Friday, May 14, 2010

God Bless You Dr. Kevorkian

I just got back from a near death experience in which I travelled down the blue tunnel toward the pearly gates and at the pearly gates, there was St. Peter, who already knew the person I wanted to talk to, and that was none other than Kurt Vonnegut himself, who came out to speak with me, holding his traditional limp cigarette blithely in one hand as he waved it around his dishevelled hair as he talked, and I had to confess that while I really liked the premise of the book that I'd just finished, I felt it was a little too


about the whole Christian ethic.

I mean, nice idea, and it would be nice, it would be, you know, if there was no Hell, only Heaven, and everybody went there - even Hitler, just like he wrote in his book, and Vonnegut said,

"Well, you know, it's hard to face the entire concept of Hell when Hell is being forced upon you by people who simply don't like you. The problem with the living is that they have already judged who goes to Heaven and who goes to Hell, and it's all based on whether they like you or not.

"I mean," he continued, "I sum it all up in the very last line of the book - 'Watch out for those Christians'."

I told him I'd caught that - very poignant line, I had to admit.

" . . . so, yeah, it's very hard to take seriously the entire concept of being condemned when it's people doing the condemning. It's only now, that I got up here, that I've realized that God Himself never condemned anybody anyway. It's only humans who condemn. I gotta tell you - God/Jesus/Holy Spirit is a wonderful wonderful God, but even He - more than any human - understand the complete irony of having followers who are the WORST purveyors of His message - I mean, the greatest message of peace and love has historically been delivered at the point of a sword, with rampant disease, with genocide, and with hysterical voices and lying hypocritical and hypercritical tongues. It's amazing there's anybody up here."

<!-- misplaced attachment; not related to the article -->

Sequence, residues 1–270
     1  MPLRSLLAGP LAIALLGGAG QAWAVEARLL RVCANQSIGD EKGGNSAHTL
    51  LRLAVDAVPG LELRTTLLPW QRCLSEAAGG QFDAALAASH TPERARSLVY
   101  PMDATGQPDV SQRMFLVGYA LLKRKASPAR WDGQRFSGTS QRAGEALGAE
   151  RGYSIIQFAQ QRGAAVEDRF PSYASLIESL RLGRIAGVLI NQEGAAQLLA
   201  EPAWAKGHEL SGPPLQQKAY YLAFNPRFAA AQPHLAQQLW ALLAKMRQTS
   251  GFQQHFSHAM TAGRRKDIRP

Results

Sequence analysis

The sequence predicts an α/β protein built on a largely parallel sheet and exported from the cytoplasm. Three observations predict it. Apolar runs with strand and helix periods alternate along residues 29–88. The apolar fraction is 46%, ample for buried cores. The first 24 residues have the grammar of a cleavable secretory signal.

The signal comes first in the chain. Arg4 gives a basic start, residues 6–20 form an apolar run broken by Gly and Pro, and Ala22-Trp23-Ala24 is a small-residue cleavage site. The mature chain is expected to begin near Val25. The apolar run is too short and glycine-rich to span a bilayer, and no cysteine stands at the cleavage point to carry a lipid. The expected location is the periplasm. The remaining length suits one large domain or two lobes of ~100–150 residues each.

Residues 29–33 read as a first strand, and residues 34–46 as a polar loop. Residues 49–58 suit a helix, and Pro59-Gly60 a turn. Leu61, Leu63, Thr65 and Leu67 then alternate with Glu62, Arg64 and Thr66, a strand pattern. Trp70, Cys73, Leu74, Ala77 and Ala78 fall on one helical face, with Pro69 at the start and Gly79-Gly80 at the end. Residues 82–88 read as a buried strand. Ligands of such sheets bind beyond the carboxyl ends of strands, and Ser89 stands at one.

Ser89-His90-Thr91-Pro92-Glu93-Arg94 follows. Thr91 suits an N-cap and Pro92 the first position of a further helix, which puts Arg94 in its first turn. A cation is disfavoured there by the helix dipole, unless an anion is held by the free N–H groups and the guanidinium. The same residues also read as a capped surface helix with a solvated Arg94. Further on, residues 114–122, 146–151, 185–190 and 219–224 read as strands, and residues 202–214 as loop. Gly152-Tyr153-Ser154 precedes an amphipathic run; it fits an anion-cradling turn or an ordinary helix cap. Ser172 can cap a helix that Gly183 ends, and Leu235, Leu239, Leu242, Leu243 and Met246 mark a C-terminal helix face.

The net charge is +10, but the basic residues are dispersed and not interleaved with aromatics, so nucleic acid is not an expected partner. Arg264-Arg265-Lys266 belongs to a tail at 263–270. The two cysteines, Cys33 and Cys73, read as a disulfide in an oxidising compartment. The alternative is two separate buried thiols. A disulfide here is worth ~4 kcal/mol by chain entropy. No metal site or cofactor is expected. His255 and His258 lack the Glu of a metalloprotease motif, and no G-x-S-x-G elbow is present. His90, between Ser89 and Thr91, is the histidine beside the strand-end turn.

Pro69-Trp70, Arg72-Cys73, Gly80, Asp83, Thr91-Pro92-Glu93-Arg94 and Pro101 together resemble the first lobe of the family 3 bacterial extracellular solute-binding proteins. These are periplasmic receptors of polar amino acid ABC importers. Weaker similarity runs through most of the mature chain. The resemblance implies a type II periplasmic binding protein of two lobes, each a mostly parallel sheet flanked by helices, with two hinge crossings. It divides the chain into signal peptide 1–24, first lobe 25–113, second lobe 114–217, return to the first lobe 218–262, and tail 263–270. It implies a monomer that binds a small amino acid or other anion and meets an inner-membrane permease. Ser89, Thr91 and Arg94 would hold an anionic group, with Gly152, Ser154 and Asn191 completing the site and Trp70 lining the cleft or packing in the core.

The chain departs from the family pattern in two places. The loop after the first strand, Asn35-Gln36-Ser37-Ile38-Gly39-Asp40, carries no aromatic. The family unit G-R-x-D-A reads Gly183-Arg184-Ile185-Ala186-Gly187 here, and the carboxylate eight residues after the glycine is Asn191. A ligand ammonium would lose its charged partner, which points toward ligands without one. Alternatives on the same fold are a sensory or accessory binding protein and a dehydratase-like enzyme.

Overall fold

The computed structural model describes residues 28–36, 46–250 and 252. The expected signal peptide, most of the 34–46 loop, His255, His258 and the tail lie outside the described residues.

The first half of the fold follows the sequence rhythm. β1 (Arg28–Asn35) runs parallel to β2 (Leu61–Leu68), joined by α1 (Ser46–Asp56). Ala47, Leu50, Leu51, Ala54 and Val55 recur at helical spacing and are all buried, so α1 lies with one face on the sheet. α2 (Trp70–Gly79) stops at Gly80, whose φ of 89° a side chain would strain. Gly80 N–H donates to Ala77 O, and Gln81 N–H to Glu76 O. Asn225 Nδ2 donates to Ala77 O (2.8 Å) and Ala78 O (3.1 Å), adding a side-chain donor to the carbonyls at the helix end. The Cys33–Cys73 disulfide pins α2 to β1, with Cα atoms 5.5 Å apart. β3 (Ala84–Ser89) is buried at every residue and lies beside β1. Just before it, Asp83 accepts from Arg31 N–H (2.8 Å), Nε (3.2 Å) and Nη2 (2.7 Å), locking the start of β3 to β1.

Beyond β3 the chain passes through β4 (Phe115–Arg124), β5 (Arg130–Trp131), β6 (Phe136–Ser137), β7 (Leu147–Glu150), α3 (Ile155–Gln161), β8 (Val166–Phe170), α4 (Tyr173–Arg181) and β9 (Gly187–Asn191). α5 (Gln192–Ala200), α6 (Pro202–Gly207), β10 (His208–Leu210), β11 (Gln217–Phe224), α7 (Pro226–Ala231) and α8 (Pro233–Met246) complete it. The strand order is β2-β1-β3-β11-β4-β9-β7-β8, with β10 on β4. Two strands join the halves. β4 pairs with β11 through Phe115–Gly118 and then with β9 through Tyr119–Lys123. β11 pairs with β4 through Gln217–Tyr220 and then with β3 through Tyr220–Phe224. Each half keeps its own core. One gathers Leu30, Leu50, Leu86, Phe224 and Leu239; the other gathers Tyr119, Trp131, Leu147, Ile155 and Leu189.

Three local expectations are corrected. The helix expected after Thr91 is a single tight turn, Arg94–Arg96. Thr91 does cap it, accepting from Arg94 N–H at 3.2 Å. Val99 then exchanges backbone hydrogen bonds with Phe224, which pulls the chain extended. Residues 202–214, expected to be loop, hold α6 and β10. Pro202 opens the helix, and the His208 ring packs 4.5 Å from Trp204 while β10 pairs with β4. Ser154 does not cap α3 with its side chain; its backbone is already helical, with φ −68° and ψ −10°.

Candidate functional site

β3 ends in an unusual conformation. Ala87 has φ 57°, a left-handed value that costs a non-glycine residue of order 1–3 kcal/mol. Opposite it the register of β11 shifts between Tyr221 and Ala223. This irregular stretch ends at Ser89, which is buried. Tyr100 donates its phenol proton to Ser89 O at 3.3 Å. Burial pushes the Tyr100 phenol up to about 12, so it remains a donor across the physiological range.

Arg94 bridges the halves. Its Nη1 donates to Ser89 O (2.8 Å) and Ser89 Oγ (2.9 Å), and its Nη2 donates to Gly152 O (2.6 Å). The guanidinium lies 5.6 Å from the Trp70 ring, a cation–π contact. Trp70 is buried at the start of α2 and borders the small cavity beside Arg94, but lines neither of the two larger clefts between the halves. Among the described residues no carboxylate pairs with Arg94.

"Well, since you yourself in the book seemed to indicate the lack of need for Christ, how did you make it here?" I felt a little impertinent, asking such a question, I mean, this was our guy, when I was a teenager, all my friends and I read this man's works avidly: Cat's Cradle, Slaughterhouse Five, Breakfast of Champions, Welcome to the Monkey House . . . although I had to admit, my cadre of ernest readers seemed to sour a little on Galapagos, although I can't remember why, maybe it was just boring. Maybe nothing could ever really compare to Cat's Cradle.

Anyway, during my reverie, Vonnegut had been explaining to me how he had actually been able to be a Christian AND an intellectual at the same time, and when I asked him to explain again, he said he was tired and wanted to get back inside where it was nothing but poolside and highballs for eternity.

As he walked back through the gate, I asked him one last question, "So, truly, is Isaac Asimov in Heaven really?"

Vonnegut replied, "Let me tell you a little secret - every once in awhile God will grace an individual human with just a little tiny bit of His own intelligence - and those people are your Einsteins, your Newtons, your Asimovs. And of course, He's not going to let knowledge like that be reverse engineered in the flame pits of Sheol! Not in a millenium! Ta ta!"

And with that, he was gone, and

I have come back, here, to the cafe, to tell


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